James Thompson

Senior Associate

San Francisco


Read full biography at www.orrick.com
James E. Thompson, a senior associate in the San Francisco office, is a member of the Securities Litigation, Investigations and Enforcement Group. His practice focuses on defending companies and individuals in securities class actions, shareholder derivative suits, and SEC investigations and enforcement actions.

James has extensive experience litigating securities class actions, derivative suits (including M&A related litigation), and other complex commercial disputes in both state and federal courts across the country. He also has represented companies and board committees in numerous internal investigations and regularly advises companies on corporate governance, fiduciary duty and disclosure issues.

James's clients include NVIDIA Corporation, Oracle Corporation, Fisker Automotive, VantagePoint Venture Partners, Aruba Networks, and David Sambol.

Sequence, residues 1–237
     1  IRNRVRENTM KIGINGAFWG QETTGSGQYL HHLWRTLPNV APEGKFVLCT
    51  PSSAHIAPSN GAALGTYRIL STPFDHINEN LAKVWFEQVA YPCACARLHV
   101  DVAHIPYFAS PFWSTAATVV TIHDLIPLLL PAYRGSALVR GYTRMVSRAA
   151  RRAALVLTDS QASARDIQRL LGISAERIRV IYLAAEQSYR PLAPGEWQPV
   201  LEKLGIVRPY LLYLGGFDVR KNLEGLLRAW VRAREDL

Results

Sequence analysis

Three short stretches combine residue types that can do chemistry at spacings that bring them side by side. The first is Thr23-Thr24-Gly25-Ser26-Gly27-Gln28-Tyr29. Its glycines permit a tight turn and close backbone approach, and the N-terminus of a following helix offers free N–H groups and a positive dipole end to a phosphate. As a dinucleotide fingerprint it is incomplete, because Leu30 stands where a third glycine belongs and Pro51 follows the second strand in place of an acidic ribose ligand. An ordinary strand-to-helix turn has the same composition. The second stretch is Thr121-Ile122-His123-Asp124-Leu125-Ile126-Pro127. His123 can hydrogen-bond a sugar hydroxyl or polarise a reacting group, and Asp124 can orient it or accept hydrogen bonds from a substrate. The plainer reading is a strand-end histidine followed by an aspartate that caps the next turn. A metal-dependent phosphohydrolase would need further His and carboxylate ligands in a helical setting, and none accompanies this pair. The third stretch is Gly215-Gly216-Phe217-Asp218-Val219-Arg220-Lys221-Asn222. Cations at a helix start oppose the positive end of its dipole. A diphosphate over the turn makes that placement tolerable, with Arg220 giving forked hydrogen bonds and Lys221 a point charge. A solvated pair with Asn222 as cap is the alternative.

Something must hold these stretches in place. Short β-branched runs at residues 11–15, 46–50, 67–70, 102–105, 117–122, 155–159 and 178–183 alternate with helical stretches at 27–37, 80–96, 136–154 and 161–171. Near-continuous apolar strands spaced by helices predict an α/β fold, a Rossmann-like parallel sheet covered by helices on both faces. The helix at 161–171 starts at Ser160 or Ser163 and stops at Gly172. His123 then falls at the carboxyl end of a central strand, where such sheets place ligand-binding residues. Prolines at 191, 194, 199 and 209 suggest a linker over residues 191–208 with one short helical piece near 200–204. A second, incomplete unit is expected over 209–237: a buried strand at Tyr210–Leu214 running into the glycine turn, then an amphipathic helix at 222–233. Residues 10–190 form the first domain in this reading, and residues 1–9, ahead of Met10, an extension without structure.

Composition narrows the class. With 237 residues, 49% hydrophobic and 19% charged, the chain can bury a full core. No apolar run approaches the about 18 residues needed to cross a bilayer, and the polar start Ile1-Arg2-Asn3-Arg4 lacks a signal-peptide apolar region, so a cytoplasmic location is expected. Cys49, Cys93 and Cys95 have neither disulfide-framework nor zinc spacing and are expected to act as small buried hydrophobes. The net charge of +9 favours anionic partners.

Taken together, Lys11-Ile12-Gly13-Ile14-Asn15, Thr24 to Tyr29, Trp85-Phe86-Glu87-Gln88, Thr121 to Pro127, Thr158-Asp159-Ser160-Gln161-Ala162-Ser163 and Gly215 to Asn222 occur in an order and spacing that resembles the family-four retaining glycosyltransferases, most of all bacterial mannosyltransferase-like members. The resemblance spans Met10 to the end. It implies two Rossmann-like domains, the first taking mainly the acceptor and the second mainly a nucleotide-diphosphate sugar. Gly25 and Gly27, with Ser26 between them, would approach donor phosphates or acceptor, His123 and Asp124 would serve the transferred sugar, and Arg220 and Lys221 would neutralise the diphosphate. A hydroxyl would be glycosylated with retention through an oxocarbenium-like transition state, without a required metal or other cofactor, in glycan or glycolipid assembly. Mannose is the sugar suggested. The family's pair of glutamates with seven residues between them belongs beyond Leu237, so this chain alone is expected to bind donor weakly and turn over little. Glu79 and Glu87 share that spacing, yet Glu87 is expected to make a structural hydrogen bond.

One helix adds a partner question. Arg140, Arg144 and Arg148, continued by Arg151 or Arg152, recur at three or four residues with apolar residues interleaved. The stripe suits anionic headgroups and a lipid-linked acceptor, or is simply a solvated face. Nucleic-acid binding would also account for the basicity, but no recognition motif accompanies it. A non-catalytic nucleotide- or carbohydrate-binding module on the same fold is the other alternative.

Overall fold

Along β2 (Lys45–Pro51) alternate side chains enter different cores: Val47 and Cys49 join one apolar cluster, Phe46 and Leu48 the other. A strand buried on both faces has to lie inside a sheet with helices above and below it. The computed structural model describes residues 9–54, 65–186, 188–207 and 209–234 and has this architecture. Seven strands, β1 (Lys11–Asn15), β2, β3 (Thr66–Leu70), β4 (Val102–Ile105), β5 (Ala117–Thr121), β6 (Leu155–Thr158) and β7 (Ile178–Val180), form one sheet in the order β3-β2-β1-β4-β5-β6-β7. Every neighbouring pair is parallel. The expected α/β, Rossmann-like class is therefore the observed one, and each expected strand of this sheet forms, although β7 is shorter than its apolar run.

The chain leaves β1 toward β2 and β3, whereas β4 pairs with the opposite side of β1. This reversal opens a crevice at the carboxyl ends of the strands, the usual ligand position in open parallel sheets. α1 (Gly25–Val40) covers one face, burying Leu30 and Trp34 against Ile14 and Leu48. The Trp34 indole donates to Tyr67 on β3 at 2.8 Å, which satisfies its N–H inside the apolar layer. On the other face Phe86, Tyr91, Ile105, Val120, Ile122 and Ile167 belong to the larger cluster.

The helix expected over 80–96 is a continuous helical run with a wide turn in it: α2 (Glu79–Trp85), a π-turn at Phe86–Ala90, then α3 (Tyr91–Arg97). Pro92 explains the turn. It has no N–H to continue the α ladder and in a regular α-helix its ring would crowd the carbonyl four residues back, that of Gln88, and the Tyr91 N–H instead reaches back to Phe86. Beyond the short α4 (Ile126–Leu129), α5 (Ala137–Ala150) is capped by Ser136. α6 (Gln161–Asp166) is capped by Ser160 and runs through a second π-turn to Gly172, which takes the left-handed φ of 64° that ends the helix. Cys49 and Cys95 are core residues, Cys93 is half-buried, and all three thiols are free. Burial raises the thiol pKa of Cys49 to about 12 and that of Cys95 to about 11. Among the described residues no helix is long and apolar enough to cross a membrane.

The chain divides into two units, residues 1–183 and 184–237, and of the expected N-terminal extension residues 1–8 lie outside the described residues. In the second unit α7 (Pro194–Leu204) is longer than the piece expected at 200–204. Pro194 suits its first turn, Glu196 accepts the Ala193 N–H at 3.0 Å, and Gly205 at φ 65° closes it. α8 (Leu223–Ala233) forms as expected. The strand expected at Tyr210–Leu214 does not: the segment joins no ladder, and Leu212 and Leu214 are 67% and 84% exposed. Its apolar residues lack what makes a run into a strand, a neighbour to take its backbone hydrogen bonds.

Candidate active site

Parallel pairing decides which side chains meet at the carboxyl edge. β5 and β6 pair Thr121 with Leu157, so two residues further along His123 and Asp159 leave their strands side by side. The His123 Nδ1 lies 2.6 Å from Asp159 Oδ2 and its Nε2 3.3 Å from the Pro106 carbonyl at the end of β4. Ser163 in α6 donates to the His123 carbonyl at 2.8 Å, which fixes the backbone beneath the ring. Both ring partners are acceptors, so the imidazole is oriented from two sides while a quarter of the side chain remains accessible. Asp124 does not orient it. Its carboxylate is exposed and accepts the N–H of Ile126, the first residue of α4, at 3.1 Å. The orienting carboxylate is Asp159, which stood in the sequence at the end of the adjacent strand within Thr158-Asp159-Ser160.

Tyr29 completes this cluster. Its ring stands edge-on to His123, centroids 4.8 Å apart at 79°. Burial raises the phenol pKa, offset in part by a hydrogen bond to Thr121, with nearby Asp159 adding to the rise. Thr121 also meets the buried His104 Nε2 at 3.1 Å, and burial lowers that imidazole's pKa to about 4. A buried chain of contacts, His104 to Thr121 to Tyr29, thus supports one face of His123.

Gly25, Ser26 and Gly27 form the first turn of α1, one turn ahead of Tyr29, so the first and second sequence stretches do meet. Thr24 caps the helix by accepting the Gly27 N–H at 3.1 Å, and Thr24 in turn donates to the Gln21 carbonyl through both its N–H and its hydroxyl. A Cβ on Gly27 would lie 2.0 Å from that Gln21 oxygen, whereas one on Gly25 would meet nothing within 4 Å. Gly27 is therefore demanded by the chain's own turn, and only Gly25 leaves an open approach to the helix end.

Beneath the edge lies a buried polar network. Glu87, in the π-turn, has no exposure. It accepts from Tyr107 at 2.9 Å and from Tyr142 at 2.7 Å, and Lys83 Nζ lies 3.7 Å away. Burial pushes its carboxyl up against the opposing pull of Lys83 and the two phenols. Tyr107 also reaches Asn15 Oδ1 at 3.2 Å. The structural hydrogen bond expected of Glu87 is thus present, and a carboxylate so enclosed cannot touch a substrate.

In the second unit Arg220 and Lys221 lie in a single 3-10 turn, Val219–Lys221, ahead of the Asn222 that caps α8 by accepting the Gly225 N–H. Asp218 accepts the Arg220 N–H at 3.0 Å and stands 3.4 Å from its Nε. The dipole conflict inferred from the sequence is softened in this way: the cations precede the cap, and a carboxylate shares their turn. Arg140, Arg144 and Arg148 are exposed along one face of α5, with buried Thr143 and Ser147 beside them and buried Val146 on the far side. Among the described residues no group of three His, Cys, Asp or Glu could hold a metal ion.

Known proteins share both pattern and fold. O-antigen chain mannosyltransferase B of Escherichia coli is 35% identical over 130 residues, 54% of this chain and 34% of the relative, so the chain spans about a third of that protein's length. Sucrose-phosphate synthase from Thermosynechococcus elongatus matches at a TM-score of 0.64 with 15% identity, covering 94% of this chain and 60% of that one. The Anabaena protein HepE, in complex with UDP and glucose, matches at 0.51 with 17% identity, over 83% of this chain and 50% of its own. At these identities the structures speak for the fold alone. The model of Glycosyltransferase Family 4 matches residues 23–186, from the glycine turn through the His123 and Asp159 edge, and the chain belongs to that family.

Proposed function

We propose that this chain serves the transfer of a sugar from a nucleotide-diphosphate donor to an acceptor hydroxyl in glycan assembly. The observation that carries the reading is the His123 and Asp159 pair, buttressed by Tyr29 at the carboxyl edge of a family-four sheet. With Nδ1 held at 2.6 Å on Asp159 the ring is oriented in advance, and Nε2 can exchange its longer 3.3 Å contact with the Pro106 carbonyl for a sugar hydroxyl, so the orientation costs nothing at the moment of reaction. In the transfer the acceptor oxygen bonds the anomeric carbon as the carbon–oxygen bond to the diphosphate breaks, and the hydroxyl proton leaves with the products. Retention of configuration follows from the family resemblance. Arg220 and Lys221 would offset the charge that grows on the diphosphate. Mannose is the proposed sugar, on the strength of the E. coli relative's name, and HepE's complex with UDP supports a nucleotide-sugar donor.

James has also dedicated significant time to pro bono representations. Recently, he successfully tried a case before Judge Alsup in the Northern District of California on behalf of an inmate, demonstrating that the inmate had not received adequate due process.

James is a regular contributor to Orrick, Herrington & Sutcliffe’s Weekly Auditor Liability Bulletin, Securities Litigation & Regulatory Enforcement Blog and the Securities Reform Act Litigation Reporter.

Posts by: James Thompson

SEC Awards Third Highest Whistleblower Award to Date

Whistle

On July 17, 2015, the SEC announced a whistleblower award of over $3 million to a company insider who provided information that “helped the SEC crack a complex fraud.”  This payout represents the third highest award under the SEC’s whistleblower program to date.  The SEC has made two of the three highest payments to clients of the same law firm – Phillips & Cohen LLP. (The SEC paid roughly $14 million to a whistleblower in October 2013, and nearly $30 million to a foreign whistleblower represented by Phillips & Cohen in September 2014.).  This latest multi-million dollar payout suggests that the SEC’s whistleblower program is in full swing, and that legal representation of whistleblowers may be on the rise.

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